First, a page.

Green Business Incentives

Government has enacted several pieces of legislation to encourage investment in green business and now provides a number of tax incentives from which you may stand to benefit. These incentives translate not only into substantial cost savings but also encourage sales of “green” products and services by making them more affordable to consumers!

 

  • Under Section 12 of the Barbados Income Tax Act, companies which have incurred capital expenditure in respect of machinery or plant are allowed to claim an initial allowance of 20% of such expenditure. However, certain green business activities may be entitled to an investment allowance. For example, the use of recycled plastics to produce new plastic products by a company could entitle it to claim an investment allowance of 20% of the expenditure incurred in respect of machinery or plant. The benefit of claiming the investment allowance is that unlike the initial allowance, it is not deducted from the cost of the asset for the purposes of determining the annual tax depreciation.
  • Companies manufacturing “green products”, are allowed to claim an annual allowance of 150% of the capital expenditure for the assets used in the business.
  • Under Section 12E.10 of the Income Tax Act, companies seeking internationally recognised environmental certification as a testimony of their eco-friendly actions, can claim a deduction of 150% of the expenditure incurred in an income year for the purpose of acquiring the certification. This extends to ISO 14000 certification for manufacturing firms, the Green Globe programme certification or its equivalent for tourism organisations, and the Leadership in Environmental and Energy Design (LEED) certification or its equivalent for firms in the building industry. This is intended to alleviate the usually high costs associated with acquiring the standard requirements and to make the certification more affordable to companies, which can in turn use it as a means of promoting their products and services.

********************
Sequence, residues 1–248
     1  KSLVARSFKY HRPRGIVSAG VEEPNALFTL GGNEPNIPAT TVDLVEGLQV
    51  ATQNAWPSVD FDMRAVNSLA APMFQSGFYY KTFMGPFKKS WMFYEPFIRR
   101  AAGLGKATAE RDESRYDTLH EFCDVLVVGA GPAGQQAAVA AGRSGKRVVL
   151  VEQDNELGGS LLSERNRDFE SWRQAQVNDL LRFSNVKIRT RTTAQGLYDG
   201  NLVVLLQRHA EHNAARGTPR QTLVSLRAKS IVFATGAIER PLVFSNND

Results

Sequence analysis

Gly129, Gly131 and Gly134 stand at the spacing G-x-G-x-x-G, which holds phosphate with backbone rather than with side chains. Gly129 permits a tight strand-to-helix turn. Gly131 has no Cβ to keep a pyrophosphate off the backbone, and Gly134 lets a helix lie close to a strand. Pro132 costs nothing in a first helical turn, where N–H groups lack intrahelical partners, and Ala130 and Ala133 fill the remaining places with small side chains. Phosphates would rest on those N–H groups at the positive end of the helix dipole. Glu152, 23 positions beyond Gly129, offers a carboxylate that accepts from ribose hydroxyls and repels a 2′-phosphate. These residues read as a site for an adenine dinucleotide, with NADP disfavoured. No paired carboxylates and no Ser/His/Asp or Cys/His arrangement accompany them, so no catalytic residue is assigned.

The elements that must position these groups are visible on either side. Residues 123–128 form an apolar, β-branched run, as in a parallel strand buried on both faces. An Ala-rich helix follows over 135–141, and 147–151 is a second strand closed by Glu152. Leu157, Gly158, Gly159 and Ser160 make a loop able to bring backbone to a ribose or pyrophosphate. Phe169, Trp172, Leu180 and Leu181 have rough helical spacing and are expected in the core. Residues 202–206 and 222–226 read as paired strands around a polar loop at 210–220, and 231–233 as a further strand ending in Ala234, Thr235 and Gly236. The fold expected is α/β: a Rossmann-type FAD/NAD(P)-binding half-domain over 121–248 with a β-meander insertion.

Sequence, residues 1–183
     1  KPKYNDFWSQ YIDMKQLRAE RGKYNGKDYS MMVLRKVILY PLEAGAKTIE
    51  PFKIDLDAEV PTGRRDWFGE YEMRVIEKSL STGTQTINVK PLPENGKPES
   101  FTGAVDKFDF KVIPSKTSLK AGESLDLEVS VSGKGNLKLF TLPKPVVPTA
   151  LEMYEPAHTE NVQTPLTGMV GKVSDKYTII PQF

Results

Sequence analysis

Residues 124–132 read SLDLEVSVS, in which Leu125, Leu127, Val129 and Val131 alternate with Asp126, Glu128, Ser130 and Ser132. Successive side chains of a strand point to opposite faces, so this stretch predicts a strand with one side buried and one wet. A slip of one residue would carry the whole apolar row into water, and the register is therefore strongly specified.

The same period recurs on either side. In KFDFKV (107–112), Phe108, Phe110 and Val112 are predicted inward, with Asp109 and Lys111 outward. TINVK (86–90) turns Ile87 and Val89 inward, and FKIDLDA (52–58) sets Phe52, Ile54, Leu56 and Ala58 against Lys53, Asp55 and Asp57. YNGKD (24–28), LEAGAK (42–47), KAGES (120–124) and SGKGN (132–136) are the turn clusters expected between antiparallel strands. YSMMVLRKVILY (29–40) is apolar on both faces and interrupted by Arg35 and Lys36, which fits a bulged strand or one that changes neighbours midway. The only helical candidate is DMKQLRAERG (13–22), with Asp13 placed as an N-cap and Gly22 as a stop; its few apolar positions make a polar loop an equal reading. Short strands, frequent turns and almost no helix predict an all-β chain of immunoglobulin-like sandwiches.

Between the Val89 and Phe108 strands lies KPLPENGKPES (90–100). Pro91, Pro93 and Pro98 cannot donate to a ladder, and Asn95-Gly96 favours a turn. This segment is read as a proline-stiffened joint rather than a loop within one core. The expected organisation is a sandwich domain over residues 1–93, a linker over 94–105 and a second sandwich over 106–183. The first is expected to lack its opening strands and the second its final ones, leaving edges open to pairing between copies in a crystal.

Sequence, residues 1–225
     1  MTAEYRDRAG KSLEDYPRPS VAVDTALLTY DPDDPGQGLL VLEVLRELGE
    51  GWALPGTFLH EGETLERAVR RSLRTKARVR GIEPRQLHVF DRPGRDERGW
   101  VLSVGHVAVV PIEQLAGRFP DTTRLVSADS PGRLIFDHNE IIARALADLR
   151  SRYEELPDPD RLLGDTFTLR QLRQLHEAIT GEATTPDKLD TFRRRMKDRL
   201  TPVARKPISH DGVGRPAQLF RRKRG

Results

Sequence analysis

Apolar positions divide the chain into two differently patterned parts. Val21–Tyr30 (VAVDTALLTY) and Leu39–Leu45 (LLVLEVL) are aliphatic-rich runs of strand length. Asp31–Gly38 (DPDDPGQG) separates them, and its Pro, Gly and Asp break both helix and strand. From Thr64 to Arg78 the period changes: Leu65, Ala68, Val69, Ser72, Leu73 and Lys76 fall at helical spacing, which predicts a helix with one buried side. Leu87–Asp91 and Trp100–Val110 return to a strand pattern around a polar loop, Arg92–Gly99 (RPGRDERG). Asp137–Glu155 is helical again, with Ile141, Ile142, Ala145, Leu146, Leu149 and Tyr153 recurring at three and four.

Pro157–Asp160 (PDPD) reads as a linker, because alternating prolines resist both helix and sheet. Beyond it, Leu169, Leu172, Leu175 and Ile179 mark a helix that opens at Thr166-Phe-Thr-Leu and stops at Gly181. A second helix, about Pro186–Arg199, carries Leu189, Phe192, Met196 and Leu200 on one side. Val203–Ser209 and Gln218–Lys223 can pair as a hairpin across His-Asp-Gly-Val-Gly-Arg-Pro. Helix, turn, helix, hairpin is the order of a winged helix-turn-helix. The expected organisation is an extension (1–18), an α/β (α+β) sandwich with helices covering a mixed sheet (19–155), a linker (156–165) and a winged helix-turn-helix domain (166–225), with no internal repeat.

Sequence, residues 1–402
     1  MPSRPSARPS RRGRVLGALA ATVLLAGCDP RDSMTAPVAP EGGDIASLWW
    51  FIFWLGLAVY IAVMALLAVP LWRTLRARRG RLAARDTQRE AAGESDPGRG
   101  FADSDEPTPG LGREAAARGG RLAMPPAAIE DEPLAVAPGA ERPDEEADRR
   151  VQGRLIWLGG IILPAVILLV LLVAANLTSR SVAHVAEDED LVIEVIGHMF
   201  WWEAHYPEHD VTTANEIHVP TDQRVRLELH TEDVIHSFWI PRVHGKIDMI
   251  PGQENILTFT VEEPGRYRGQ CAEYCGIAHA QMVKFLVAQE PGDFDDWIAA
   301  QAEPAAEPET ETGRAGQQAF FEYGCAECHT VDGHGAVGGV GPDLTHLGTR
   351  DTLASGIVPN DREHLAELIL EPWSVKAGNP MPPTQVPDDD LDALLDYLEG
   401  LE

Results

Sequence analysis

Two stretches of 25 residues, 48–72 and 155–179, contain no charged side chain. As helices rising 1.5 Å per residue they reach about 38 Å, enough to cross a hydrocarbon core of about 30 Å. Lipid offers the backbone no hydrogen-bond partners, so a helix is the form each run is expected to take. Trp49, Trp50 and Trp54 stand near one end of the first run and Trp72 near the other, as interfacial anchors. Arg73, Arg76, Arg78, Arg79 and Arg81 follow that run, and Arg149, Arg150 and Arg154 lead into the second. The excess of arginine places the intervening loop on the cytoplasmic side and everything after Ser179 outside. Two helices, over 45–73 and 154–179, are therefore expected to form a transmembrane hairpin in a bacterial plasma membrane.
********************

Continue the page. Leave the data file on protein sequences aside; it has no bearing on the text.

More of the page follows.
• Under Section 12C1 of the Income Tax Act, companies are also entitled to a deduction of a maximum of $3,500 in respect of expenses incurred in installing a water storage facility on a commercial building.
  • Businesses undertaking an energy audit and the retrofitting of a building or the installation of a system to produce electricity from sources other than fossil fuels may now deduct 20% of the expenditure over a period of five years.
  • Persons in the business of providing residential accommodation are also entitled to claim an Energy Conservation and Renewable Energy Deduction Allowance of a maximum of $5,000 per year over each of five years to cover the cost of an energy audit, and 50% of the cost of retrofitting a residence or building or installing a system to produce electricity from a source other than fossil fuels. This applies to businesses whether incorporated or unincorporated.
  • Government has also reduced import duty payable on materials that promote energy efficiency by keeping buildings cooler. Materials such as thermal barriers, roof insulation, window tint and ceramic roof coatings have been classified as “energy efficient systems/components” and now attract an import duty of 5%, down from the previous 20%.
  • Under Part II B Item 87 of the Customs Tariff, various items like wind turbines, photovoltaic components and systems, bio-fuel systems, hydropower systems, solar thermal systems, wave or tidal power systems, fuel cell systems and geothermal heat pump systems are exempted from import duty (20%) and environmental levy, on the basis of ministerial approval. The need for ministerial approval in each and every instance no longer applies and these items now automatically enjoy the concession from the Customs Department.
  • In addition to the duty-free importation of these alternative energy systems, new legislation was proposed to enable independent power producers to generate electricity from renewable sources which can be sold to Barbados Light & Power at rates set by the Fair Trading Commission.
  • To encourage use of transport systems which utilise alternatives to fossil fuels, some special concessions now apply. Hybrids, solar energy, compressed natural gas and LPG vehicles now attract an excise tax at a fixed rate of 20%, a rate far lower than that of regular cars.

 

As Government moves towards its goal of transforming Barbados into a green economy, it is expected that additional incentives will come on stream.

 

Contains excerpts from Green Business Tax Incentives, Barbados Tax Alert by Ernst & Young and Tax Notes, published by Tax and Consultancy Services Limited (TACS).